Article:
Between 30% and 50% of videos TikTok shows users are based on what it's learned about their interests (Study)

By 03/21/2024
Between 30% and 50% of videos TikTok shows users are based on what it's learned about their interests (Study)

Back in 2021, a Wall Street Journal investigation found that TikTok’s recommendation algorithm can suss out new users' interests in under two hours, and then drive them into ever-narrowing “rabbit holes” of content.

Now, a new study from researchers in the U.S. and Europe has found that between 30% and 50% of the first 1,000 videos fresh TikTok accounts are recommended are based on what the platform has learned about their interests.

Researchers including Karan Vombatkere at Boston University and Franziska Roesner at the University of Washington examined data donated by TikTok users who were able to download it thanks to the European Union's General Data Protection Regulation (GDPR), Fast Company reports. They also created new bot accounts to examine what would be recommended to those when they scrolled through videos at random.

B-ru

Subscribe for daily B-ru Top Stories

Subscribe

The 30% to 50% of interest-targeted videos were recommended to users based on several factors-things like TikTok noticing they'd liked similar videos, or that they followed creators who posted videos about those topics. Researchers noted that the portion of a video's watch time users stuck around for didn't seem to hold much weight in the recommendation system. (That's worth thinking about, considering we still don't know what TikTok counts as a “view” on its platform.)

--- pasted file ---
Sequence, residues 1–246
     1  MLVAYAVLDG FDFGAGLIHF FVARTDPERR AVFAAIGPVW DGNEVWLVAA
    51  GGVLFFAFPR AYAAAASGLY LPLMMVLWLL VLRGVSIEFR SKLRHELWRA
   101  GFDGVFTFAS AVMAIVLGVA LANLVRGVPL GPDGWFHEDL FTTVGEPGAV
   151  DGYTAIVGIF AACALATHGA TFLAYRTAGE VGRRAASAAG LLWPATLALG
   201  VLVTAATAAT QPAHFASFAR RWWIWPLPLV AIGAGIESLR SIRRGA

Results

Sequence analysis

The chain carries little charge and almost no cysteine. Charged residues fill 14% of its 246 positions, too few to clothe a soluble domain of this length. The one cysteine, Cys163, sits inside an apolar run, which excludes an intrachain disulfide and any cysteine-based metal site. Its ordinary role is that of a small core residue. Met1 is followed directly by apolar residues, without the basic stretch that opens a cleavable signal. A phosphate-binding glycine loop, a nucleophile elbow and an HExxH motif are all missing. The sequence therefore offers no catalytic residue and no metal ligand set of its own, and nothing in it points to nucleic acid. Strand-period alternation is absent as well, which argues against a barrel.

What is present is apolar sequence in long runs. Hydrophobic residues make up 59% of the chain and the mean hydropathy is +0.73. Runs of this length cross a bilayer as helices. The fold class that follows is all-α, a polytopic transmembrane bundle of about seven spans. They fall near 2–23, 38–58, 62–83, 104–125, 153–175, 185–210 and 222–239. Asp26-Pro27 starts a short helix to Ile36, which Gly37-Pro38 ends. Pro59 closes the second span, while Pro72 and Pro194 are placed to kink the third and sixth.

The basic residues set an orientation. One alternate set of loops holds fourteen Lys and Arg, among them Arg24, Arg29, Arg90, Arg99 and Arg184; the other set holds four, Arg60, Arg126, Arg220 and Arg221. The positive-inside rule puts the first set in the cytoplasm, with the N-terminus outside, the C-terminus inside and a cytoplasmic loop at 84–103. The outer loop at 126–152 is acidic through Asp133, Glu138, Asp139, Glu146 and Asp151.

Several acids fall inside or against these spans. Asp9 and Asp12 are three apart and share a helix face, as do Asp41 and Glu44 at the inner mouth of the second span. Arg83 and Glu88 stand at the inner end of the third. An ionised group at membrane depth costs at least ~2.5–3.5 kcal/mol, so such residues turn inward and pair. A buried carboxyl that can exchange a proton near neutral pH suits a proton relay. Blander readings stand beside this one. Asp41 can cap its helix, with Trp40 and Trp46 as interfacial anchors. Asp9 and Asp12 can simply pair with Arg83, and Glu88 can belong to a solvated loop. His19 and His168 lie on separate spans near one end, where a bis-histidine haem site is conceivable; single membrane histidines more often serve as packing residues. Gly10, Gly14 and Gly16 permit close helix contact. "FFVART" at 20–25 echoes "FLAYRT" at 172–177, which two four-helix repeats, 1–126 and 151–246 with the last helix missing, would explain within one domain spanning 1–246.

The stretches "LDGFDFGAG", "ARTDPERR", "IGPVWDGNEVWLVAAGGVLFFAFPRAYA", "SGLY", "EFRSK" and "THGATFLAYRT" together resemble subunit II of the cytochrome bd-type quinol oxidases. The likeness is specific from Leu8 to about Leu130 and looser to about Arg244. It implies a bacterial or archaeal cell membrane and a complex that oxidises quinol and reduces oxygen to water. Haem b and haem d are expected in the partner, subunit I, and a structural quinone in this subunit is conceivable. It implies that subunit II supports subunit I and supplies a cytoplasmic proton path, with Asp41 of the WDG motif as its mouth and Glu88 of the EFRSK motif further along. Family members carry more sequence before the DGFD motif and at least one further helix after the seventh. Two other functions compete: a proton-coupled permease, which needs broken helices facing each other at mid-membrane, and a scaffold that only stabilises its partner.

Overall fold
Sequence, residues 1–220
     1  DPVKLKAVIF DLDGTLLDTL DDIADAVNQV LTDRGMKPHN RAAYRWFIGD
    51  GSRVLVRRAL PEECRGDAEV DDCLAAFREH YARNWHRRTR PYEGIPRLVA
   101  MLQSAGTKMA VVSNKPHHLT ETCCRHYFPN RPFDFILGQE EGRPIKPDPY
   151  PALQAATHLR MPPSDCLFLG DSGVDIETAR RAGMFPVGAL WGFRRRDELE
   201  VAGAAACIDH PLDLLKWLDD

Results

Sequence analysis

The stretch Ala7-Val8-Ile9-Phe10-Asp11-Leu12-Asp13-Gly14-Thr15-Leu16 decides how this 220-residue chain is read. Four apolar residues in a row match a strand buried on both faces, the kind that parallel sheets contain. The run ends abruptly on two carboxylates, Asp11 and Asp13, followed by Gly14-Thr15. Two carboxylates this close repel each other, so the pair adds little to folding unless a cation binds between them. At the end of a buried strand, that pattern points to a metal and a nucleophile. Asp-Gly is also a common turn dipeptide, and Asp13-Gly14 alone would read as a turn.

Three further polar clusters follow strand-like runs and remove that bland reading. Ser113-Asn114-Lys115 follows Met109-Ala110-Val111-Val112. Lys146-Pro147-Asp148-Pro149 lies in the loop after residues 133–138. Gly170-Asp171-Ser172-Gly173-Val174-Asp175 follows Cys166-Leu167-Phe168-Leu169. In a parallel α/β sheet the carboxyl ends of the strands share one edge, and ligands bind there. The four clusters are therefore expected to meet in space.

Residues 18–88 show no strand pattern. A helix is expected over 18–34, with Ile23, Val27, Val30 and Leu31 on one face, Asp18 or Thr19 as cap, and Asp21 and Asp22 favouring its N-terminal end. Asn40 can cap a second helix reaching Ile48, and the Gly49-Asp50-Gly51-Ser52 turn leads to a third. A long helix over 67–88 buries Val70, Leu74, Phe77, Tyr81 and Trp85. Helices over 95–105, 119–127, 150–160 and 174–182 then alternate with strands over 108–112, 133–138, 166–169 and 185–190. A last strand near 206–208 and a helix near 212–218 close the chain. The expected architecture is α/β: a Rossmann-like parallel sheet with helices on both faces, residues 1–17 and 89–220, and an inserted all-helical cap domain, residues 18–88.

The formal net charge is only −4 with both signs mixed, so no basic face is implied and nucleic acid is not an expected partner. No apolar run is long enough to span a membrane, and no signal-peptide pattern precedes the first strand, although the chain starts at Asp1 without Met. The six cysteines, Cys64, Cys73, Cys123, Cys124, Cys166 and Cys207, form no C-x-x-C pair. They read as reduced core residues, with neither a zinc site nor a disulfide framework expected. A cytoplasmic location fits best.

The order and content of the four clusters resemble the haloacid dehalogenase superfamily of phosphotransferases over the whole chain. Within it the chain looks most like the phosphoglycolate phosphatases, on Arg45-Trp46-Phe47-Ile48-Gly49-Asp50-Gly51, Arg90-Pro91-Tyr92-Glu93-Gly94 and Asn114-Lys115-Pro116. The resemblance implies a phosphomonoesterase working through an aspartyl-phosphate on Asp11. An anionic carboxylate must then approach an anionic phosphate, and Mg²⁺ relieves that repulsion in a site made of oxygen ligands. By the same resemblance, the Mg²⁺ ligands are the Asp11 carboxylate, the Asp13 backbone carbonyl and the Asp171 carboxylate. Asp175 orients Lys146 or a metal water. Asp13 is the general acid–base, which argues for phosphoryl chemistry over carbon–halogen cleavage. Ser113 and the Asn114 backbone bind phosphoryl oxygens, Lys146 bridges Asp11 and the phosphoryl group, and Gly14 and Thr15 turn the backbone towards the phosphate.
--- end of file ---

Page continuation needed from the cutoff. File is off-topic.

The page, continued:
Vombatkere and fellow researchers say TikTok's recommendation algorithm has two sides: “explorative,” where it's showing users a video out of left field to see how they respond to its contents, and “exploitative,” where it's showing them a video it's pretty sure they'll like, given their past actions.

But the ratio of explorative to exploitative can vary wildly between different users.

“Another thing that this surfaces is that different users have very different experiences and/or are sort of treated differently by the algorithm for whatever reason,” Roesner told Fast Company.

Ultimately, this research is “a first step into getting some insight into how this personalization works,” Vombatkere said. “And then at the second step, we also try to look specifically into a few factors and see how much they influence personalization.”

Subscribe for daily B-ru Top Stories

Stay up-to-date with the latest and breaking creator and online video news delivered right to your inbox.

Subscribe